That third-base coach of ours looked as tall as the walls of Canyon de Chelly when he stood over there behind the base.

We were just a bunch of kids, Little League or younger. He didn't have to yell so loud. We all wanted to bat and get a hit just as much as he was trying to fuss one out of us.

Especially me. I was the smallest, tiniest, littlest kid on the team.

My first defensive play was memorable enough. It was a Texas Leaguer popup to shallow right center field. Three of us converged. When I saw the shadows, I simply dropped to a slide on my knees, held out my glove hand more in defense than anything, closed my eyes as tight as I could close them and braced for the impact. The other two players slammed into each other right on top of me.

Sunshine suddenly broke through the painful cloud of humanity as I slowly opened my eyes.

And to my astonishment, there it was.

Just like the golden egg laid by the magic goose: a big ole, white, slightly dirty brown and scuffed-by-the-bat baseball, sitting right there, pretty as you please, in my outreached glove.

I can truly say I made my first catch with my eyes closed.


So back to that third base coach.

What in the world would it take to make this guy happy?

Adding to the menace he imposed with his towering figure was the fact that he was a known chewer and spitter.

This guy could put a wad of chewing tobacco in his mouth as big as a pile of lettuce snapped up by a full-grown mule.


He was known to spit further and more accurate than what any of our pitchers could throw, and he redefined the boundaries of the third-base coach's box when his aim would puff away the chalk on the ground.

Yep, he was a master spitter.

A pretty good yeller, too.

They worked with me all spring on trying to find the right size bat to use. Bats back then weren't just piled up in the dugout. There were no big-city sponsors to be found for a bunch of players trying to make the best of what we had.

So, each bat we did have, I was told to try. Finally, the call was made to ask if any of the guys had a little brother, who might by fortune have a bat small enough I could borrow.

Yeah, I was the little guy.

Yell, yell, yell.

Finally, one night, it happened.

The kid on the mound threw a fastball, right down the middle. I swung, and, there it was, the sweetest sound I'd ever heard since my mother sang me lullabies.

That ball must have traveled a mile. If not, at least 10 feet.

There was no way in the baseball universe anyone was going to get to that ball before I could get to that first-base bag. There was one thing I most certainly could do, and that was run.

Safe at first!

It was known as the hit that made Coach fall to his knees. No kidding.

The man was so stunned, he swollered the juices from that great big ole wad of chewing tobacco, and he literally cried when I made it to third base two batters later.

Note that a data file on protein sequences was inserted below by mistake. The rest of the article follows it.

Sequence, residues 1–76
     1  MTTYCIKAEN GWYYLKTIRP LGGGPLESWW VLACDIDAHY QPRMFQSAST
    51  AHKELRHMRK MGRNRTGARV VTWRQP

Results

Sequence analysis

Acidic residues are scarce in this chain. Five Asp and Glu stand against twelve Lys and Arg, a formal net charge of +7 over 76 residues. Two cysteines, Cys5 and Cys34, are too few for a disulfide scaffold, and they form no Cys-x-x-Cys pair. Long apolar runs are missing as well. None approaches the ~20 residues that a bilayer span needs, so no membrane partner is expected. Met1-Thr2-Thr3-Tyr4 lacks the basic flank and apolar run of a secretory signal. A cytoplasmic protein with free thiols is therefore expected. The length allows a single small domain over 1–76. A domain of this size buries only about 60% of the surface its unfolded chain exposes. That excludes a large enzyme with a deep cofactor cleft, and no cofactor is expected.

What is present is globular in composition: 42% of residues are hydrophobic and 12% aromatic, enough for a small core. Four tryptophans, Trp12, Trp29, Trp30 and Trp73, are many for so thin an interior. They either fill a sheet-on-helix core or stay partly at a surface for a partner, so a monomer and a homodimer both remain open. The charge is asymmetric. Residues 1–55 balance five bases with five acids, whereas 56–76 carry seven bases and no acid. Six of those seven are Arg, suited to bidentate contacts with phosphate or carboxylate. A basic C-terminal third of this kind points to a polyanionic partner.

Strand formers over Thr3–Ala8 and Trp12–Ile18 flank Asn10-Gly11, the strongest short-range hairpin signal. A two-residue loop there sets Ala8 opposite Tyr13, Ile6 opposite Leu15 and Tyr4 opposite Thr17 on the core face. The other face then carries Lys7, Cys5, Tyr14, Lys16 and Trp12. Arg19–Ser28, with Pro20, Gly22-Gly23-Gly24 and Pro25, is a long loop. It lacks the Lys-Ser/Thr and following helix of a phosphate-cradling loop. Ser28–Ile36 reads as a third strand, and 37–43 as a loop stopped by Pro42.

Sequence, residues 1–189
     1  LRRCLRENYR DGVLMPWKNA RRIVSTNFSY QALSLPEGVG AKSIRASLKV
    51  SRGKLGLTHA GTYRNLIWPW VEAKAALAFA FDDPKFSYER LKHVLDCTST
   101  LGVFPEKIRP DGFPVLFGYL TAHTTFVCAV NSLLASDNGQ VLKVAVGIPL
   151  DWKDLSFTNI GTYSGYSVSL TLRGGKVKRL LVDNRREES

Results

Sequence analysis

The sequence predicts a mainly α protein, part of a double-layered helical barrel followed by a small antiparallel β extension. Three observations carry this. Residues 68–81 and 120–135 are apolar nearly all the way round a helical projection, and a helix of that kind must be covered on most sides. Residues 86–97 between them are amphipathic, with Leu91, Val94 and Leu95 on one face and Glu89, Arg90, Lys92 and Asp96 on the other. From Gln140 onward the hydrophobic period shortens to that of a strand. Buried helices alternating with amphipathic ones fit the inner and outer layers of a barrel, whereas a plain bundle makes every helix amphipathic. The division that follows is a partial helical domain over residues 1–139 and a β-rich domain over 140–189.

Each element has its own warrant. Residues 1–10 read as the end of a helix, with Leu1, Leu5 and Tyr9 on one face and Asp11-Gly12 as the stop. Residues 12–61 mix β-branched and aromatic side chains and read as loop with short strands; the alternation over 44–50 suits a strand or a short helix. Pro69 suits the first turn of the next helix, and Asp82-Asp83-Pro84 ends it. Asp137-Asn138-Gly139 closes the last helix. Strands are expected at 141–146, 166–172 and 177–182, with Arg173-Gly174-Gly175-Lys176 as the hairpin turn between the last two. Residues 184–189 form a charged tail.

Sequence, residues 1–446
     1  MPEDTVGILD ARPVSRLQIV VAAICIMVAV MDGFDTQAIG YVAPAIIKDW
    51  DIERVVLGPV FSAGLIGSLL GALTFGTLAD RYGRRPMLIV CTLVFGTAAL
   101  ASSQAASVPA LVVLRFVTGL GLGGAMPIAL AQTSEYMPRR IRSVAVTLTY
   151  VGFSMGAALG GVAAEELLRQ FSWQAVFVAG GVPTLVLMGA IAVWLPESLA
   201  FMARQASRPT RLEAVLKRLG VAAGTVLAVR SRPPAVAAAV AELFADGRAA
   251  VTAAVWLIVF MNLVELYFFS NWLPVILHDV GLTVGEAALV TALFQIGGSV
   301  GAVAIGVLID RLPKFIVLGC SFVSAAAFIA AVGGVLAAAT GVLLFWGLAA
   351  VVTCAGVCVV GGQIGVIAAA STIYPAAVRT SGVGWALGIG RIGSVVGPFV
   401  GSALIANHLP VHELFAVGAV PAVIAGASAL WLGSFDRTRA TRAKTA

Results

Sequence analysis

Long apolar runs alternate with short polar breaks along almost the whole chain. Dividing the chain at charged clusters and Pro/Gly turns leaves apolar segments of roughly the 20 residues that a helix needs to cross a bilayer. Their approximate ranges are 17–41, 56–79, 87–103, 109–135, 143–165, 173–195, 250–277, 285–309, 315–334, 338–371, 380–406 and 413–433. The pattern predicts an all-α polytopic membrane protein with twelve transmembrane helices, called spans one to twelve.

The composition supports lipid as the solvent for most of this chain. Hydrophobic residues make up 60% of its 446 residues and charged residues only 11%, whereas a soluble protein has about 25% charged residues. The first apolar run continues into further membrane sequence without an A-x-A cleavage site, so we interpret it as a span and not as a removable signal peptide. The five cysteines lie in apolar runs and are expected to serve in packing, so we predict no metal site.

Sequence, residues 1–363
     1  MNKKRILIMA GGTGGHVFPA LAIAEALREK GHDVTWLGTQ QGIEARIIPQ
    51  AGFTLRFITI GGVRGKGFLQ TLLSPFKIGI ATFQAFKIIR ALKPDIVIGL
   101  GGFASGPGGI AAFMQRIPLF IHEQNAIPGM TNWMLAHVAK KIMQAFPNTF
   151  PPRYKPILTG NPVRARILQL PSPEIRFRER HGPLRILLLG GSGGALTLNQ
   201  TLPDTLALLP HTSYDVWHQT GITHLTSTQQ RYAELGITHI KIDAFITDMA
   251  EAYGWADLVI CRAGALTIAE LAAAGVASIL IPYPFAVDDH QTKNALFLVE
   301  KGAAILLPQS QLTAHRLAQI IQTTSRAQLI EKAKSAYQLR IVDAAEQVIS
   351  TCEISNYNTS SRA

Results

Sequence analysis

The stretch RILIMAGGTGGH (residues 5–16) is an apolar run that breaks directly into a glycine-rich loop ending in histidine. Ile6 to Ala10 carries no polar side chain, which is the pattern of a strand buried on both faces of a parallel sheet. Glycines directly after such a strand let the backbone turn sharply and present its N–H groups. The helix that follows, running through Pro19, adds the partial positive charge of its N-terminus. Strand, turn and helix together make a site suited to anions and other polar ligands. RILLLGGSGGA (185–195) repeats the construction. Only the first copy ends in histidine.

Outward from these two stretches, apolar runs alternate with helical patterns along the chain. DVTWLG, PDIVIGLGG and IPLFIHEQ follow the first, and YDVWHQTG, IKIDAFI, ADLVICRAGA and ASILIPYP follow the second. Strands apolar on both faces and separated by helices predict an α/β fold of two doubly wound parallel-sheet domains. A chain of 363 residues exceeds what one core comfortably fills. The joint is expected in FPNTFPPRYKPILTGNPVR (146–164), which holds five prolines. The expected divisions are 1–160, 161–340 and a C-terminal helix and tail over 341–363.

What a night.


Please pardon my selfish trip down memory lane.

A friend once told me, reminiscing is fine, but it doesn't make memories.

I'm hoping we can change that, especially during this season of giving, which has plenty of opportunity to be extended into springtime.

Being an old shortstop, my favorite baseball saying is, "Spell glove with love!"

We used it in my older days to encourage each other to make a standout play. I'm asking you to use it to make a difference in a kid's life.

Each year that I have volunteered to help coach a youth team, almost inescapable is the one, two or three kids who show up with a sorry excuse for a baseball glove, and certainly no fancy trimmings like most of the other guys have, like a fancy bat bag, a shiny new bat or a sharp-looking pair of cleats.

I've seen kids with the only glove available being that of their dad's, whose adult hand size assured that the glove dwarfed the kid's little hand.

I've seen others show up with more shoestrings holding the glove together than the number of strings in a fishnet.

I've also seen kids show up with no glove at all.

What I'm asking you to do is simple.

Anyone who has an old baseball glove, bat or ball in the closet, how about sharing it with a kid who really would be thrilled to have it?


We are setting up boxes here inside The Daily Times to collect baseball gloves, and any other baseball or girls softball equipment you might care to donate. It could be all those old gloves in the closet, or it might be the gloves and equipment your own kids outgrew long ago. It also might be that $1 glove you easily could pick up at your neighbor's yard sale.

Please drop by The Daily Times front office the next time you're in town, and just say, "This is for the Glove with Love' drive."

We will continue this drive all the way into the baseball season. Then we will work with several local non-profit organizations affiliated with youth baseball and do our best to ensure that for those needing a glove, perhaps they can reach into the box and check one out that actually fits their own hand.

The kids who receive the gloves will be allowed to keep them. Perhaps one day, they'll return the favor.

If some of you would do this now, right here before Christmas, we can write more about it and therefore create more interest and momentum for such donations. So, please: If you have an old glove, or if you want to contribute a new one to help a kid who wants to stay out of trouble by learning the game of baseball, please help.

You obviously would have my thanks. But imagine the face of that kid who gets a real baseball glove, not a piece of plastic or a leather glove too big, too small, or with a hole in it.

Go clean out your closet or garage, or drop by the toy department while you're shopping.

Spell glove with love.

Troy Turner is the editor of The Daily Times. He can be contacted at P.O. Box 450, Farmington, N.M., 87499; or at